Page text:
I keep reading that Clay Bennett is great friends with David Stern, and it kind of baffles me. It’s not that I don’t think a suspiciously tan Jewish authoritarian commissioner guy and an ultra-crude Bush Ranger Oklahoman with a head that looks like a boiled ham wouldn’t have anything in common, but…I mean, what do they have in common? Do they just raise jewel-encrusted goblets in toasts to avarice and new arenas? Discuss literature?
Anyway, it’s academic: Stern did nothing to stop Bennett’s heist of Seattle’s basketball franchise, and after Bennett cut a $45 million check (and may have to pay another $30 million later) to the city of Seattle yesterday, the SuperSonics are officially bailing to Oklahoma City ASAP. They’ll leave behind the team colors and name, which means at least the WNBA team in Seattle (which is staying) will get to play in green-themed jerseys in an arena with a Spencer Haywood jersey in the rafters. It’s not really something anyone other than Clay and his homeboys — and presumably the people in OKC who approved a $121 million sales tax hike earlier this year in order to help expedite the move — is excited about. A couple of current and several former Sonics go on record saying as much in The Bellingham Herald — “I’m really, really mad,” Damien Wilkins says, “I’m disappointed for the city of Seattle” — and it’s not difficult to find opinion columnists saying similar things in the Seattle area papers.
But I live in New York and have visited Seattle all of once, and it pisses me off. What’s my problem? (Generally, the answer is: “a vast array of smaller problems”) In this instance, I think TrueHoop’s Henry Abbott, in a rare editorializing moment, gets it pretty much exactly right:
It was never, in my mind, an Oklahoma City vs. Seattle thing. It’s an owner vs. fans thing.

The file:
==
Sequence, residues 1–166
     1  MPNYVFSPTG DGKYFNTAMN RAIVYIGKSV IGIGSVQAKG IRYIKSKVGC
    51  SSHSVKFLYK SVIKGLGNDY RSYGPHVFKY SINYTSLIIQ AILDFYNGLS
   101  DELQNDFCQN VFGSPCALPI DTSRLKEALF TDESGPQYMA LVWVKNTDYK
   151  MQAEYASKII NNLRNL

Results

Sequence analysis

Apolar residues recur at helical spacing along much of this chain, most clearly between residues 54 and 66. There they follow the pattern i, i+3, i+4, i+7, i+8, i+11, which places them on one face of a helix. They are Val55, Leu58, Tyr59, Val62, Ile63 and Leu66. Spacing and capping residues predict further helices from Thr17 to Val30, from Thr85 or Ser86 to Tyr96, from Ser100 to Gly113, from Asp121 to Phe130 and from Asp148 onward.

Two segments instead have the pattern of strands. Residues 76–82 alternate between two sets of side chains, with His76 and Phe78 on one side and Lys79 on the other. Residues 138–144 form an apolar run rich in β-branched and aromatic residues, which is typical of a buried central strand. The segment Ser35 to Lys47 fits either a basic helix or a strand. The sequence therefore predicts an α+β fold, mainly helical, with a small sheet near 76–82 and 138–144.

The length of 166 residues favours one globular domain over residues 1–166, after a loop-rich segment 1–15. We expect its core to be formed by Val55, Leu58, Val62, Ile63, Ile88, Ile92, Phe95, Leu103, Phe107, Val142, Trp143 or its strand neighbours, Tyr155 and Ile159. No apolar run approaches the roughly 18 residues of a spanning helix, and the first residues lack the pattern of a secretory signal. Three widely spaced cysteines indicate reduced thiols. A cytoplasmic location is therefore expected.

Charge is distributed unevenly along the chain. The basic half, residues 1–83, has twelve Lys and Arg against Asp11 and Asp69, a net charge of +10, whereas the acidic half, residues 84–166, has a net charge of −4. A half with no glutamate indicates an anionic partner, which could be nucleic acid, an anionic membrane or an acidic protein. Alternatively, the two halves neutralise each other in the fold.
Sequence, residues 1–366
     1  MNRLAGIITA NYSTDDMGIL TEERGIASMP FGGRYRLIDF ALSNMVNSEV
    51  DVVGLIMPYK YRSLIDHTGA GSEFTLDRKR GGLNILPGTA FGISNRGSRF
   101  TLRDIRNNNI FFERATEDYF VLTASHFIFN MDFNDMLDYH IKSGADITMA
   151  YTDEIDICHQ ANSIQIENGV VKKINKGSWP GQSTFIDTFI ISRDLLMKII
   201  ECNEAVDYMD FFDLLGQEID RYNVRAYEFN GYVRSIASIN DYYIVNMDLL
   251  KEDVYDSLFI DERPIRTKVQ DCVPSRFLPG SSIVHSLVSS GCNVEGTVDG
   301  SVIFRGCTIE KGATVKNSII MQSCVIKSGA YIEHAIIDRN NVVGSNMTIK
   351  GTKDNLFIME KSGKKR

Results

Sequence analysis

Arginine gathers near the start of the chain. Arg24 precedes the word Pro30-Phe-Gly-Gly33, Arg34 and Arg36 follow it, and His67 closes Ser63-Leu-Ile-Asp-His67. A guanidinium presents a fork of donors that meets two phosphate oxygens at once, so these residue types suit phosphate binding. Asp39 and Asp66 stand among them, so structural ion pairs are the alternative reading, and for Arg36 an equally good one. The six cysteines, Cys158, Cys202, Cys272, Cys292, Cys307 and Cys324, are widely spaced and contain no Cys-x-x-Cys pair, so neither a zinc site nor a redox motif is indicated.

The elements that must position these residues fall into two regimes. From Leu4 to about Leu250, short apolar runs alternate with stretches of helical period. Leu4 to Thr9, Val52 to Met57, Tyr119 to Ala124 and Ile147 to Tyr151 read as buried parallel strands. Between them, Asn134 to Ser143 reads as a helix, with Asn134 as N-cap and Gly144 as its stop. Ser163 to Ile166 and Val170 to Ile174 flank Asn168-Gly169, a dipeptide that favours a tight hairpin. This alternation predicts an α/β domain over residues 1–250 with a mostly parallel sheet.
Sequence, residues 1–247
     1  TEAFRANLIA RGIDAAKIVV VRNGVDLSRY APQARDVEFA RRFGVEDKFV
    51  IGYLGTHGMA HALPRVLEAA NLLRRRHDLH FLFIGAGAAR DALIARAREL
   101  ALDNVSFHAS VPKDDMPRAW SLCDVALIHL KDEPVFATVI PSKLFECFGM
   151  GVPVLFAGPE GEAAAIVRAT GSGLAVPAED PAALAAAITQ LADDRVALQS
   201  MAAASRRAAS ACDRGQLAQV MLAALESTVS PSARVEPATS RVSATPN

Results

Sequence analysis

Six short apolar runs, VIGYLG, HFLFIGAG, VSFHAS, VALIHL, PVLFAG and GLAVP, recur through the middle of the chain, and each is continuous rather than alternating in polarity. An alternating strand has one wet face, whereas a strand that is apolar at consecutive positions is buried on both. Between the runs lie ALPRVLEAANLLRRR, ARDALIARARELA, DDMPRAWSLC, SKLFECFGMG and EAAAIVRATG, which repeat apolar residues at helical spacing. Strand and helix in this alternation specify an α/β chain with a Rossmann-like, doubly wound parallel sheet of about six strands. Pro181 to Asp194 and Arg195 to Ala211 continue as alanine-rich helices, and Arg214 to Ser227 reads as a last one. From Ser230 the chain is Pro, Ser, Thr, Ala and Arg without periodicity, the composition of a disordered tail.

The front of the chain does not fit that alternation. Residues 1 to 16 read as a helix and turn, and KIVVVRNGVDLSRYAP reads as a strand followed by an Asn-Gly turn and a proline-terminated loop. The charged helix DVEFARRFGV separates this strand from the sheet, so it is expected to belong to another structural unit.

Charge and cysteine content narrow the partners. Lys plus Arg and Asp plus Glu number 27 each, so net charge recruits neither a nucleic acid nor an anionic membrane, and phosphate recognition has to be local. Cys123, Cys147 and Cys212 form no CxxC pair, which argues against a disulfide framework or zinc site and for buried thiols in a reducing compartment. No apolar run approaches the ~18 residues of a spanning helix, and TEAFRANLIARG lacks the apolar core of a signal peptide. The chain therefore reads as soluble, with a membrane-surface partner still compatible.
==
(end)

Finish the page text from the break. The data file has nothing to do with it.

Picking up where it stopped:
Sports operate in a bizarre realm. The fans, who are the paying customers, provide the revenue, passion, and love that make any league worthwhile. But those same fans who are such an essential part of the franchise have no legal standing at all. They have no signed agreements. The team has no obligation to them at all.
So fans are, legally, vulnerable. And although everyone acknowledges they are central to the enterprise, they can be trampled by owners, who pay for the right to do what they would like with a team. I’m from the school of thought that says just because you have the tiger by the tail doesn’t mean you must yank. I’m for respecting the people involved, even if you can get away with hurting them. That’s character.
…In most cases, I believe a business is really nothing more than the people who work on behalf of that business. But in the case of a local NBA team, it’s more than that. It’s also a region’s lone outpost for the best of basketball. Anyone who loves the sport is prone to following the NBA.
That’s what the NBA is entrusted with protecting. And that’s what the NBA did not, in my estimation, protect in this case.
It’s a testament to the power of the sport that fans who have been scorned by one owner will later embrace another…The earth keeps spinning.
But that doesn’t make it any less reprehensible to mislead the public in a cheap manner to separate a team from its devoted fans, while pledging the opposite. Even if the fans are legally powerless, it is certainly correct to honor their meaningful role and to treat them with dignity.